Metro Weekly

Lesbian professor settles sex discrimination lawsuit against college that denied her promotion

Despite settlement, it's still unclear whether courts believe sexual orientation discrimination is prohibited under Title VII

Kimberly Hively – Photo: Lambda Legal.

Kimberly Hively, a lesbian adjunct math professor who sued her employer for discrimination, has settled her lawsuit against Ivy Tech Community College, reports The Indiana Lawyer.

Lawyers for Hively and the college filed a joint mediation summary statement announcing the settlement on Aug. 1 in the U.S. District Court for the Northern District of Indiana. The terms of the agreement were not released to the public.

Hively, a 14-year employee of Ivy Tech, initially sued the college for denying her a full-time position and a promotion, alleging that it had discriminated against her because of her sexual orientation. She also alleged that that discrimination violated her rights under Title VII of the Civil Rights Act, which expressly forbids discrimination based on a person’s sex.

She also sought monetary damages of $1.7 million to cover the full-time pay, benefits, and pension amounts she lost, plus interest.

The district court dismissed her case on the premise that Title VII’s prohibitions on sex discrimination do not apply to instances where an LGBTQ person is discriminated against based on their sexual orientation. Hively subsequently appealed to the 7th U.S. Circuit Court of Appeals.

A three-judge panel on the 7th Circuit initially rejected Hively’s appeal, but she filed for the full circuit to rehear the case. In April 2017, a majority of the circuit judges ruled that Title VII does indeed protect LGBTQ people from discrimination based on sexual orientation.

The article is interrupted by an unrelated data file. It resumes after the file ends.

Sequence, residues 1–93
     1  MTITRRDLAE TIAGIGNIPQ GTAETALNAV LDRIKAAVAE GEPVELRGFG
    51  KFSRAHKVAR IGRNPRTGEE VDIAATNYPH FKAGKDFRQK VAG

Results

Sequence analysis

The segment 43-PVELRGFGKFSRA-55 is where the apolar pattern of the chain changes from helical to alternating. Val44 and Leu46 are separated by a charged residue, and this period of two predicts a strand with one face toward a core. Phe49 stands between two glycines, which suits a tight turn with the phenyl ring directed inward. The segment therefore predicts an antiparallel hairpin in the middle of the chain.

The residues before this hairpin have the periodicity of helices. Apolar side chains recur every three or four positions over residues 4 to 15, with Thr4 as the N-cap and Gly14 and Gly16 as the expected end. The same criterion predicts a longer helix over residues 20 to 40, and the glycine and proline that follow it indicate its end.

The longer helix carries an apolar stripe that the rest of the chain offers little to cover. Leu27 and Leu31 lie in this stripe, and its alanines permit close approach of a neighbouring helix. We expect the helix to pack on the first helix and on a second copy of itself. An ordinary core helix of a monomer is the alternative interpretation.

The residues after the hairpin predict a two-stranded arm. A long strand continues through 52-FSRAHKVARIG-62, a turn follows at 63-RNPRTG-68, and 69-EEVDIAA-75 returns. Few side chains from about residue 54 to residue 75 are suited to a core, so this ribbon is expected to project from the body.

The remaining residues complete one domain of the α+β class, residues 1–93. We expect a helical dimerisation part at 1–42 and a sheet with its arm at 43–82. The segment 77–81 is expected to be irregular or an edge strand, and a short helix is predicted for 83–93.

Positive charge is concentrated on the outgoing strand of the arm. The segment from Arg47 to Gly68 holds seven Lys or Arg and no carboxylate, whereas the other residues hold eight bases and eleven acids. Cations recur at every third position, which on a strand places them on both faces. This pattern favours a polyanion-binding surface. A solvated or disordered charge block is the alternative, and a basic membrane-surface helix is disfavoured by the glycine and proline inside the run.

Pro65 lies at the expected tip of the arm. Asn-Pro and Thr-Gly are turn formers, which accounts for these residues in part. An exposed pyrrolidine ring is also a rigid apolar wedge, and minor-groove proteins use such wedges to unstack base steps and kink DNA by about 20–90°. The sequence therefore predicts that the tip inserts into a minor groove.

The 7th Circuit’s decision was historic, but the question of whether sexual orientation is covered under Title VII has not yet been resolved. The 2nd Circuit Court of Appeals recently determined that sexual orientation discrimination is inherently a form of sex discrimination. That decision has already been appealed to the U.S. Supreme Court, which has yet to decide whether it will hear the case.

But the 11th Circuit has repeatedly refused to even hear cases similar to Hively’s, including the case of Jameka Evans, a security guard at a Georgia hospital who claims she was repeatedly harassed at work and eventually forced to leave her job because of her sexual orientation and her refusal to adhere to feminine gender norms.

Additionally, a recent case out of Missouri may offer yet another glimpse at how federal courts may interpret claims brought under Title VII. The 8th Circuit Court of Appeals is expected to take up the case of a gay man who claims that he was discriminated against when the health care management company that offered him a job rescinded its offer after it found out he was gay.

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